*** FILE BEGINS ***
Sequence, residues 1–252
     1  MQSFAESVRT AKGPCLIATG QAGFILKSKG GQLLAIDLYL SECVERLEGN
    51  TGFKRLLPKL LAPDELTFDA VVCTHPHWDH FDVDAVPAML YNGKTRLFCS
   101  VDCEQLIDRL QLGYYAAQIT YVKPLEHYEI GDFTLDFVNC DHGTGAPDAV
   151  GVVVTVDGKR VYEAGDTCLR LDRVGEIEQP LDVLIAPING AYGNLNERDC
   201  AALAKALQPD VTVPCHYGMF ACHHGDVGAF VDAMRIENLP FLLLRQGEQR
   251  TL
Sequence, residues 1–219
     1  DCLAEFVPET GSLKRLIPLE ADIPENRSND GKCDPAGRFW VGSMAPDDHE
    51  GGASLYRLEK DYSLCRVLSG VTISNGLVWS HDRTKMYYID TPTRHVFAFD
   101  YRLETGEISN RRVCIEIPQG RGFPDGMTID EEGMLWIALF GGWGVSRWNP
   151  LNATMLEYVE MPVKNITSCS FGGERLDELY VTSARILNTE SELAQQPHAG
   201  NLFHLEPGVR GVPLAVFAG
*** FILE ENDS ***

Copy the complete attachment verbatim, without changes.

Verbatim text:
Sequence, residues 1–252
     1  MQSFAESVRT AKGPCLIATG QAGFILKSKG GQLLAIDLYL SECVERLEGN
    51  TGFKRLLPKL LAPDELTFDA VVCTHPHWDH FDVDAVPAML YNGKTRLFCS
   101  VDCEQLIDRL QLGYYAAQIT YVKPLEHYEI GDFTLDFVNC DHGTGAPDAV
   151  GVVVTVDGKR VYEAGDTCLR LDRVGEIEQP LDVLIAPING AYGNLNERDC
   201  AALAKALQPD VTVPCHYGMF ACHHGDVGAF VDAMRIENLP FLLLRQGEQR
   251  TL
Sequence, residues 1–219
     1  DCLAEFVPET GSLKRLIPLE ADIPENRSND GKCDPAGRFW VGSMAPDDHE
    51  GGASLYRLEK DYSLCRVLSG VTISNGLVWS HDRTKMYYID TPTRHVFAFD
   101  YRLETGEISN RRVCIEIPQG RGFPDGMTID EEGMLWIALF GGWGVSRWNP
   151  LNATMLEYVE MPVKNITSCS FGGERLDELY VTSARILNTE SELAQQPHAG
   201  NLFHLEPGVR GVPLAVFAG